8. G. G. L., A. L. Cothey, L. Wittgenstein, J. R. Smythies, J. Beloff, R. Tallis, H. Robinson, A. Montefiore, D. Noble, K. Lehrer & F. Jackson (1992). The Nature of Art.On Certainty.The Case for DualismThe Pursuit of Mind.Goals, No-Goals and Own GoalsTheory of Knowledge and Metamind.Conditionals. [REVIEW] Philosophical Quarterly 42 (167):261.
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  9. J. R. Smythies (1989). On Inspecting Images. Philosophy 64 (248):252 - 254.
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  10. J. R. Smythies (1989). The Mind-Body Problem. In J. R. Smythies & John Beloff (eds.), The Case for Dualism. Charlottesville: University Press of Virginia.
     
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  11. J. R. Smythies (1989). The Mind-Brain Problem. In J. R. Smythies & John Beloff (eds.), The Case for Dualism. University of Virginia Press.
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  12. J. R. Smythies & John Beloff (eds.) (1989). The Case for Dualism. University of Virginia Press.
  13. J. R. Smythies (1962). On Space and Sense-Data: A Reply to Lord Brain. British Journal for the Philosophy of Science 13 (August):161-164.
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  14. J. R. Smythies (1960). Brain and Consciousness. [REVIEW] British Journal for the Philosophy of Science 10 (40):341-344.
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  15. J. R. Smythies (1960). Review: Brain and Consciousness. [REVIEW] British Journal for the Philosophy of Science 10 (40):341 - 344.
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  16. J. R. Smythies (1960). Reviews: The Problems of Perception. [REVIEW] British Journal for the Philosophy of Science 11 (43):224 - 238.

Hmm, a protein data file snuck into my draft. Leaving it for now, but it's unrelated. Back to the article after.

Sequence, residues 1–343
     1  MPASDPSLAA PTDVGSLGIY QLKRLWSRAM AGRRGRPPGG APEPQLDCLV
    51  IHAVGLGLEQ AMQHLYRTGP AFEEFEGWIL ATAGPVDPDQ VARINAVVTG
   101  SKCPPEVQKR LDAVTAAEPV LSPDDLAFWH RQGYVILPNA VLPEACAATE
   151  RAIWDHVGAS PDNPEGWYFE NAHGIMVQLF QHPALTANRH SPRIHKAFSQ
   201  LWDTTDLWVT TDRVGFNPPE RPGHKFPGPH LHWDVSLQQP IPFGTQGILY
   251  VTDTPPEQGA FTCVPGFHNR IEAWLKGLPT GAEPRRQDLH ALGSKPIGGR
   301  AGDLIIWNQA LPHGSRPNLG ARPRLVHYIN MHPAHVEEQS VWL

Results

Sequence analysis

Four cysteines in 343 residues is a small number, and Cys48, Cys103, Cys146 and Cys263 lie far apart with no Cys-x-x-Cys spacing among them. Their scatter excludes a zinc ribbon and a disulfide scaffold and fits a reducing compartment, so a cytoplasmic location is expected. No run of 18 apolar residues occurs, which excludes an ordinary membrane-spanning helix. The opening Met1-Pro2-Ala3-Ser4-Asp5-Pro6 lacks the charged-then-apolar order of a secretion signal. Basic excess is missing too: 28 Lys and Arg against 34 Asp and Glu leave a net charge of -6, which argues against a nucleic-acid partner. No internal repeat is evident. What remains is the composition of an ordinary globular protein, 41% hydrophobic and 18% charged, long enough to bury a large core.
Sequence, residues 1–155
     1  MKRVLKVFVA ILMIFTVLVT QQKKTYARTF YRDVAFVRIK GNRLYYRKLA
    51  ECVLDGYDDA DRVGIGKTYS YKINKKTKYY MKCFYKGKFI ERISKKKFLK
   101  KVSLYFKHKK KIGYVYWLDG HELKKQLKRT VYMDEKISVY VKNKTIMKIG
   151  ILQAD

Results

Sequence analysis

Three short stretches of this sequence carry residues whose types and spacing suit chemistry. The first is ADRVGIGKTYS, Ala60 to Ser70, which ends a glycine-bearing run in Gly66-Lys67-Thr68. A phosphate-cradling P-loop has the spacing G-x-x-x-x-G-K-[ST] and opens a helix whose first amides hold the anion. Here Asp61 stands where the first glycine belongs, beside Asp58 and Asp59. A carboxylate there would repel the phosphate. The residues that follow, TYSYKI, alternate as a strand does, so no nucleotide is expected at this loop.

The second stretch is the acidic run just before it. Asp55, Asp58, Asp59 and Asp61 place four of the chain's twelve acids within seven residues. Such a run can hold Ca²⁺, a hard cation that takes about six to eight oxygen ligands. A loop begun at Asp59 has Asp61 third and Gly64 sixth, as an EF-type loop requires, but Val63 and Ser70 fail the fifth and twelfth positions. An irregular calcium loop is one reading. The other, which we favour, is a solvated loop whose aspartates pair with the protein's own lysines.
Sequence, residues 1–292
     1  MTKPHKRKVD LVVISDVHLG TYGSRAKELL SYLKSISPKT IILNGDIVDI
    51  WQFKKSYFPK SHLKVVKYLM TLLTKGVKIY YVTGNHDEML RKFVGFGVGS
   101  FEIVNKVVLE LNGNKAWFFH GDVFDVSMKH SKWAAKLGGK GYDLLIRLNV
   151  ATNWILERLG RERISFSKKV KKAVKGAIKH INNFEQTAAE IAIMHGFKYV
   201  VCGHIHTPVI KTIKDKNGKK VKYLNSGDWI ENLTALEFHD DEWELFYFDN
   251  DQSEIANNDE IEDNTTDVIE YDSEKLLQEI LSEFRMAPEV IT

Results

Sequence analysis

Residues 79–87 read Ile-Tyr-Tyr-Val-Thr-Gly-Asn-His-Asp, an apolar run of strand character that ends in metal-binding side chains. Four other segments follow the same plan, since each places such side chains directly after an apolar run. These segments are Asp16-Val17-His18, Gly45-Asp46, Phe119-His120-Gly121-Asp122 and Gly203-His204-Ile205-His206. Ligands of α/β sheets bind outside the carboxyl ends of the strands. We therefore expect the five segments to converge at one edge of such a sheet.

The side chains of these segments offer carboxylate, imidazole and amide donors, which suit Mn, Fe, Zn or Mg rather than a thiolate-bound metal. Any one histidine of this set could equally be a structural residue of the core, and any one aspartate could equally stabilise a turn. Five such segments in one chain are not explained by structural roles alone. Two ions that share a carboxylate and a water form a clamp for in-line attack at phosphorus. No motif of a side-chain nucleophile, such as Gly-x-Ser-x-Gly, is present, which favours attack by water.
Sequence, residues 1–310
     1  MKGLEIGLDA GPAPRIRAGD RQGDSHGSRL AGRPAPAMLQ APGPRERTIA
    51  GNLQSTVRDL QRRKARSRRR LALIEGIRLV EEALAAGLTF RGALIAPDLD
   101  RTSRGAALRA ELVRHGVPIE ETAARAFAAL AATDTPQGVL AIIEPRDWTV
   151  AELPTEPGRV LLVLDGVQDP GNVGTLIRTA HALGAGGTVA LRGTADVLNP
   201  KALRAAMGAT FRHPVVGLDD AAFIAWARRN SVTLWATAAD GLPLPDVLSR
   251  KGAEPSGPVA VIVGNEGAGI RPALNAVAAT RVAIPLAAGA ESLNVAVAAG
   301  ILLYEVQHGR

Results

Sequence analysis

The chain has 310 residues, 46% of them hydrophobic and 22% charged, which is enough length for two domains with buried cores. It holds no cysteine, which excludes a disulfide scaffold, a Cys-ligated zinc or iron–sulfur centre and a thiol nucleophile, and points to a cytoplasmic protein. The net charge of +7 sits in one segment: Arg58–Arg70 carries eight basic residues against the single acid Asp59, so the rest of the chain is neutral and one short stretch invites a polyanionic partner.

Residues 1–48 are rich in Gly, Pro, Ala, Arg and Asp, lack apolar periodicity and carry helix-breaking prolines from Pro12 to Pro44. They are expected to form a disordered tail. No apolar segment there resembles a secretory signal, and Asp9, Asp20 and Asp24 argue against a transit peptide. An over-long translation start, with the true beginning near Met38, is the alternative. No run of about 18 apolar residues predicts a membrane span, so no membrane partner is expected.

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  17. J. R. Smythies (1958). On Some Properties and Relations of Images. Philosophical Review 67 (July):389-394.
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  18. J. R. Smythies (1958). On the Space and Time of Images. British Journal for the Philosophy of Science 9 (33):40-42.
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  19. J. R. Smythies (1958). 'Philosophical' and 'Scientific' Sense-Data. British Journal for the Philosophy of Science 9 (November):224.
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  20. J. R. Smythies (1956). Analysis Of Perception. London,: Routledge &Amp; K Paul,.
    Routledge is now re-issuing this prestigious series of 204 volumes originally published between 1910 and 1965.
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  21. J. R. Smythies (1956). The Stroboscope as Providing Empirical Confirmation of the Representative Theory of Perception. British Journal for the Philosophy of Science 6 (February):332-334.
  22. J. R. Smythies (1955). A Note on Martin Lean's Sense-Perception and Matter. Philosophical Studies 6 (1):4 - 8.
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  23. J. R. Smythies (1954). A Note on Mr. Hirst's Recent Paper in Mind. Mind 63 (251):388-389.
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  24. J. R. Smythies (1954). Analysis of Projection. British Journal for the Philosophy of Science 5 (18):120-133.
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  25. J. R. Smythies (1953). The Mescaline Phenomena. British Journal for the Philosophy of Science 3 (12):339-347.